From the Worldwide Faith News archives www.wfn.org
Oscar Bolioli returns as Methodist leader in Uruguay
Thu, 27 Feb 2003 16:07:08 -0600
Feb. 27, 2003 News media contact: Linda Bloom7(212) 870-38037New York
NOTE: A photograph is available.
By Linda Bloom*
NEW YORK (UMNS) - When the Rev. Oscar Bolioli first served as president of
the Methodist Church of Uruguay in the 1970s, that country's military regime
tried to expel him because of the church's support of families of political
prisoners and outspokenness on human rights issues.
Eventually, as the end of his term neared, he moved to the United States,
knowing that he would be in danger once he left the highly visible church
But now, after 22 years with the U.S. National Council of Churches, the
68-year-old pastor is returning to his roots. In March, he again becomes
president of the Methodist Church of Uruguay, an unpaid position similar to
that of bishop. This time, he brings along two decades worth of experience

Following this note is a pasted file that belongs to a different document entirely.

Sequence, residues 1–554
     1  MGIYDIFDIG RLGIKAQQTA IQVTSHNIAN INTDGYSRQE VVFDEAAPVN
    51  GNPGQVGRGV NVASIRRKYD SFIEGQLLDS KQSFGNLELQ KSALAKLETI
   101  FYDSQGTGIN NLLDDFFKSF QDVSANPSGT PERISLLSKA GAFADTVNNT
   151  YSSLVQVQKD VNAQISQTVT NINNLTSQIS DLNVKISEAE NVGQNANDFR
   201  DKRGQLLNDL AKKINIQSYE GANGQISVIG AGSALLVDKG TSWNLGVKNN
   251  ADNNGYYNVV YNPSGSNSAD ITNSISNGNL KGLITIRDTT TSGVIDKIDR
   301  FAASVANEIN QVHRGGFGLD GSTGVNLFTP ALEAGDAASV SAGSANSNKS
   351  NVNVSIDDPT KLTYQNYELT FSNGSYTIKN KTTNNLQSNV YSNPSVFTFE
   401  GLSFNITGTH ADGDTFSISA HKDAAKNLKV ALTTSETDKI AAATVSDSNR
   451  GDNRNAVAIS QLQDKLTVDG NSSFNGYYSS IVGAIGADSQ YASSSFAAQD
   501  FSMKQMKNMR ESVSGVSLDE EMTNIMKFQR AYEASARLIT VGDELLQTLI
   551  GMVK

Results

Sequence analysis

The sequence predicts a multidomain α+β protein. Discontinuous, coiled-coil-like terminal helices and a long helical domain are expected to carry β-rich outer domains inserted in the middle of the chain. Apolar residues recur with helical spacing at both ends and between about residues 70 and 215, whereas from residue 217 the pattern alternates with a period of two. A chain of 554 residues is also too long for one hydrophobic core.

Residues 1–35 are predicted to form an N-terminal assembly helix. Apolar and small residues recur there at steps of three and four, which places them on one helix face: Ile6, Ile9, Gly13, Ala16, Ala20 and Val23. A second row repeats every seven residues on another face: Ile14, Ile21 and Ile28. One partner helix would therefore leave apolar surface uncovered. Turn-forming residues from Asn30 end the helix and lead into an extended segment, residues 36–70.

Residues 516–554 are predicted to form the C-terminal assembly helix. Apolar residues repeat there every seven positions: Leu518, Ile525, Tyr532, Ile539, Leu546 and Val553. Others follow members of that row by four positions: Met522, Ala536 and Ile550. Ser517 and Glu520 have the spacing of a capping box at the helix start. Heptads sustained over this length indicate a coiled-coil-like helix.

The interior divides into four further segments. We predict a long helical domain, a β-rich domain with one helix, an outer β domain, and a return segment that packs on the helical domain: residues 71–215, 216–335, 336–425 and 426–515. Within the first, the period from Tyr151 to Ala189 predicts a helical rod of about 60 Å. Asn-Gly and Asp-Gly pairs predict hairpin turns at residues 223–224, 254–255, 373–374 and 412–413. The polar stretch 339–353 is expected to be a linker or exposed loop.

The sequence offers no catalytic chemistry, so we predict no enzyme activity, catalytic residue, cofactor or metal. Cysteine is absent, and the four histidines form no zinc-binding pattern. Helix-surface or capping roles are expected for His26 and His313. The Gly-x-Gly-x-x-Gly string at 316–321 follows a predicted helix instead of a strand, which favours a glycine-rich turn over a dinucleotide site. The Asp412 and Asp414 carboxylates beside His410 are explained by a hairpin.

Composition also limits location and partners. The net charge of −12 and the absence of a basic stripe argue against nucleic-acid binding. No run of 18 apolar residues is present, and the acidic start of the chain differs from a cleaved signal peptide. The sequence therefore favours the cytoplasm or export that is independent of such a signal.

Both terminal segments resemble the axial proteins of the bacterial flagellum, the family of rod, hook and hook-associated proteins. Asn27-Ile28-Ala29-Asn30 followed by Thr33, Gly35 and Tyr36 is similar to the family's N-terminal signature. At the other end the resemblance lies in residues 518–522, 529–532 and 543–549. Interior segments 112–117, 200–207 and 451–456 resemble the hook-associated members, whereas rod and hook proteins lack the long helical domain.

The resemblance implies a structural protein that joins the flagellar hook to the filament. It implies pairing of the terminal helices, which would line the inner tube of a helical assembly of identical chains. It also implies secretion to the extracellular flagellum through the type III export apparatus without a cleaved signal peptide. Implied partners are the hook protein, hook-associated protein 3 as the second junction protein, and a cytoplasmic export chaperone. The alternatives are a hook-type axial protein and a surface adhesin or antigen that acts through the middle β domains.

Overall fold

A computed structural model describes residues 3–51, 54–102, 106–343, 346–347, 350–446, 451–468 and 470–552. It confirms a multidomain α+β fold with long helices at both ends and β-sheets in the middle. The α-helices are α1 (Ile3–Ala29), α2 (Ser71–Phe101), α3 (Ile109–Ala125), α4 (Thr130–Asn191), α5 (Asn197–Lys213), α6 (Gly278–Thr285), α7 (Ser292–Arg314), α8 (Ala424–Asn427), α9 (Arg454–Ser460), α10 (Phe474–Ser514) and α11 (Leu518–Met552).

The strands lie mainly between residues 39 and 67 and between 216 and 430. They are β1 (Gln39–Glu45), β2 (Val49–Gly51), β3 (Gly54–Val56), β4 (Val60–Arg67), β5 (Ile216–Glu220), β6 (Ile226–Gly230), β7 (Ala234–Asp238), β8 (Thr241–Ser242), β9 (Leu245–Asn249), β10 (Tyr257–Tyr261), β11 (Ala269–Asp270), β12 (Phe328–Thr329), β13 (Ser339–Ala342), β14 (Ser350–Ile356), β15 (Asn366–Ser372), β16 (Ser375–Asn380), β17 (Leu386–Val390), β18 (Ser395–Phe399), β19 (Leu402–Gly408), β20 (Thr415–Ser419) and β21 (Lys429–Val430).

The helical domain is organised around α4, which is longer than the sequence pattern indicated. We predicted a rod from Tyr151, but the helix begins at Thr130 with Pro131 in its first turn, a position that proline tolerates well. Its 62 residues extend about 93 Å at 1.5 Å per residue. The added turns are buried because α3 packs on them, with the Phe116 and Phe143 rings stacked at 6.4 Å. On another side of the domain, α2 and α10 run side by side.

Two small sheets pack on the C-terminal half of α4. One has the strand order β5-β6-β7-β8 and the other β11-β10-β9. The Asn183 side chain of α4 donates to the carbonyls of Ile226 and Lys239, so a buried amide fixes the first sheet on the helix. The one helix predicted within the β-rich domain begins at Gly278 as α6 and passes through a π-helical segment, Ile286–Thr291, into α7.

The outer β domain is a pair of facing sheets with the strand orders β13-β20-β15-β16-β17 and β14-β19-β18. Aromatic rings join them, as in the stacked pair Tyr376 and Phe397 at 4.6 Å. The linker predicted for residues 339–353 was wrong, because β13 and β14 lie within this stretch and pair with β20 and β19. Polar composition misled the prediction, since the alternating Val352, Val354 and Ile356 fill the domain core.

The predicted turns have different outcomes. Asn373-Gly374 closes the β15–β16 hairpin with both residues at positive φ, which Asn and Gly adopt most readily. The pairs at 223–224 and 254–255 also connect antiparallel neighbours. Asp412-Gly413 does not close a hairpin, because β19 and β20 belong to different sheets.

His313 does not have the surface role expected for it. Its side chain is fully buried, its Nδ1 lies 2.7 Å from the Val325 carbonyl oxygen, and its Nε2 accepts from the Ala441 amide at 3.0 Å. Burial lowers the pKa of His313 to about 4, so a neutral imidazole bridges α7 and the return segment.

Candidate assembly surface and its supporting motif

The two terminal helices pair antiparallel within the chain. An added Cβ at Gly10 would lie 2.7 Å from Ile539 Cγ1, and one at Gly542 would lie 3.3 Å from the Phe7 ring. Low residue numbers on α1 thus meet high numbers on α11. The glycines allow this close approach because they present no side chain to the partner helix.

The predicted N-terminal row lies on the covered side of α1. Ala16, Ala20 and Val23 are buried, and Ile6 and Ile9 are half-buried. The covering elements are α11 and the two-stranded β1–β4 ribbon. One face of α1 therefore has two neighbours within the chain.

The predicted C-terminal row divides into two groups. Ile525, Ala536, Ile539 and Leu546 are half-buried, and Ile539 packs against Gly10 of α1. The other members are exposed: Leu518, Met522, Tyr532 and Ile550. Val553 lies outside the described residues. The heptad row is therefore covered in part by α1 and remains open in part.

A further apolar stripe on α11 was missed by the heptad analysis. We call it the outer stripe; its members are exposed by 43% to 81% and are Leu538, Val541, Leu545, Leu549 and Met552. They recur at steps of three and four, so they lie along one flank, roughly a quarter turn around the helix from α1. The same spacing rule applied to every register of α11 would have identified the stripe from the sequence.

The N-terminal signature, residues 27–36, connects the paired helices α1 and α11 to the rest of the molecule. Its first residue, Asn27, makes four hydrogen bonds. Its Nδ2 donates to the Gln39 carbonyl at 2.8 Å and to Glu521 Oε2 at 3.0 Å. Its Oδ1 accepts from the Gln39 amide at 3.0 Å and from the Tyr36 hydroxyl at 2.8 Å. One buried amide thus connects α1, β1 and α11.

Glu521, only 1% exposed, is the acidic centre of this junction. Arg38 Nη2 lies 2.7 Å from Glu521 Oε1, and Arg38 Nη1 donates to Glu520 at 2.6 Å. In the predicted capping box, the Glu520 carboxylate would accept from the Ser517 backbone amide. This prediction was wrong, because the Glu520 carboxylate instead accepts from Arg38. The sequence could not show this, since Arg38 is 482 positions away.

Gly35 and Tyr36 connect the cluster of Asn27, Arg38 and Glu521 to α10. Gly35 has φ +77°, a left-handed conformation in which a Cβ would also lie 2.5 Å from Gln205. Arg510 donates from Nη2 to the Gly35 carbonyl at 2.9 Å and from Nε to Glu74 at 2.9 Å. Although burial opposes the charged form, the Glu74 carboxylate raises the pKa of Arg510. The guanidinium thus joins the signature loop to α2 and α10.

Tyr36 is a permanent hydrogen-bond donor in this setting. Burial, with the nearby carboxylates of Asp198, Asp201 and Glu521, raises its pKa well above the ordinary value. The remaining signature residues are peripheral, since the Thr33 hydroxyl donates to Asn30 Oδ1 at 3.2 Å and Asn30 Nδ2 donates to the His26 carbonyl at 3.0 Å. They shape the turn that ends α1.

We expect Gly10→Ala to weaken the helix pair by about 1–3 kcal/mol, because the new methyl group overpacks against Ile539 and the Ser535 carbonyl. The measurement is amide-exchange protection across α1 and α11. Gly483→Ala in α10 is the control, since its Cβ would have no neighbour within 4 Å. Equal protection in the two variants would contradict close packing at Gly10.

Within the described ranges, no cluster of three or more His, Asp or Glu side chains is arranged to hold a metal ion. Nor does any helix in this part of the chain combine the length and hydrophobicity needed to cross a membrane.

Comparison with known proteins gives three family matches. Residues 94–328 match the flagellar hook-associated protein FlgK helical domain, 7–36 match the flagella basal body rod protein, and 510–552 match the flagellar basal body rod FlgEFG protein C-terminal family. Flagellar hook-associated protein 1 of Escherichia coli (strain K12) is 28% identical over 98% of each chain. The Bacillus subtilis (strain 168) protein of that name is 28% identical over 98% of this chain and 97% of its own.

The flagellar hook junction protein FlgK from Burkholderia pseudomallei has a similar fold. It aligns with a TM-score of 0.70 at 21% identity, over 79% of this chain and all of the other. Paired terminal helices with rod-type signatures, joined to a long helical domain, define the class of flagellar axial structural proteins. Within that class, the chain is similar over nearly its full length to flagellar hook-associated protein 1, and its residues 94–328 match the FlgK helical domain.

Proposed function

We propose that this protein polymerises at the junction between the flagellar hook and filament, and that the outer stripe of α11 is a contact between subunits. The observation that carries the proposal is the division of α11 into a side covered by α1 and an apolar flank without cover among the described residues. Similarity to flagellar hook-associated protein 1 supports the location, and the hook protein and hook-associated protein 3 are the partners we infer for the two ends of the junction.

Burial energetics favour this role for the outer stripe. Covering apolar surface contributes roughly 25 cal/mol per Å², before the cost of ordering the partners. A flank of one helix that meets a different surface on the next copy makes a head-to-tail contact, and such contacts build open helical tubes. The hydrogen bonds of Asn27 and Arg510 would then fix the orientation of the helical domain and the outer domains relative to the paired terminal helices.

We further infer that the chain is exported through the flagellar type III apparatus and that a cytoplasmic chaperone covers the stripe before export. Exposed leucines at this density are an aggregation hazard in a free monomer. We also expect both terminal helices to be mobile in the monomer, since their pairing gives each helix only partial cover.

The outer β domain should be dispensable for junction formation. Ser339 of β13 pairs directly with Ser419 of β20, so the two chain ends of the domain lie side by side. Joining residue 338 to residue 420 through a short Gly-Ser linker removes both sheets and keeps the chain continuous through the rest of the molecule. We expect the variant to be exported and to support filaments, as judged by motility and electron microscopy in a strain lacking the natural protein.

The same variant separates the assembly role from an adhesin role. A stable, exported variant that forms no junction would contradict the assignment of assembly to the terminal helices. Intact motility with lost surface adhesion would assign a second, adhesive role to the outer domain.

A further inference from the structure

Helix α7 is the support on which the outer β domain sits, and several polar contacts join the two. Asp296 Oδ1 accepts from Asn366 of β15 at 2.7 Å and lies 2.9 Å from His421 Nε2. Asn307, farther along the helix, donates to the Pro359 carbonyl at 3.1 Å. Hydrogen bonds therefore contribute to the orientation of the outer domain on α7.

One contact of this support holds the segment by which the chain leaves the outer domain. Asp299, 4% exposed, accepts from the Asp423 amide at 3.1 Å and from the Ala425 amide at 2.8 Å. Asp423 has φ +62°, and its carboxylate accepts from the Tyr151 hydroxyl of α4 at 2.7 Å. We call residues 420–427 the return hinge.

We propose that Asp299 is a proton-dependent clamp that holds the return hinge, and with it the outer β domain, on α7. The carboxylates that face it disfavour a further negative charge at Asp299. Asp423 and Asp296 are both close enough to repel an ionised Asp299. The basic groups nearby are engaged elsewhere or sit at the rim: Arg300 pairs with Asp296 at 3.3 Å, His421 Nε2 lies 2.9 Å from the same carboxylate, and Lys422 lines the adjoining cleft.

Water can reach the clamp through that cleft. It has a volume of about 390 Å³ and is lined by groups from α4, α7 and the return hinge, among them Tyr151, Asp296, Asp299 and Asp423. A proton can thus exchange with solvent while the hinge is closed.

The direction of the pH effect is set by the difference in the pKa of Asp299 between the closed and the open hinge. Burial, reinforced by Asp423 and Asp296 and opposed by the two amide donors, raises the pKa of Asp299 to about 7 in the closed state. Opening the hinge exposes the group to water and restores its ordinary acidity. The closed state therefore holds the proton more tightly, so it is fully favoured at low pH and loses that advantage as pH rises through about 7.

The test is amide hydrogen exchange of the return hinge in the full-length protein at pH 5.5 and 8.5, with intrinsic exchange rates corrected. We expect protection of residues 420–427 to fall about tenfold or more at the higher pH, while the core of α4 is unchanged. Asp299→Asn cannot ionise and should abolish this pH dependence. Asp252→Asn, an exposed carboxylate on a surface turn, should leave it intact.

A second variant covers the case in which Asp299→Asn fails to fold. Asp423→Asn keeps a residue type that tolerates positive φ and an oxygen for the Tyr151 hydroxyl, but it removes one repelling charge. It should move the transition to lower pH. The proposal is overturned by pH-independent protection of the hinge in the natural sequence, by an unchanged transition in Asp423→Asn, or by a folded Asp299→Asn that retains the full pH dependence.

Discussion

with churches and social issues in Central and Latin America and the
Bolioli was a teen-ager when he made his personal commitment to the church,
later attending Union Theological Seminary in Buenos Aires, Argentina. He was
working in an ecumenical position when the 1973 military coup occurred in
Uruguay. "We, as a country, had never had that experience, so we didn't know
how to handle an abusive situation," he recalled.
With many Methodist pastors and lay people in prison, Bolioli found himself
"in the middle of a critical situation" and did his best, as the
denomination's president from 1974 to 1979, to lead the church in advocating
for the religious care of political prisoners and for protection of their
families. U.S. churches supported Uruguayan Methodists in their cause, he
said, but the military government was resistant, and limited progress was
"During the time of oppression, we were the only church who dared to confront
or disagree with the government," he added.
When he arrived in the United States, he thought he might take a
congregation, but decided to work for the New York Council of Churches. After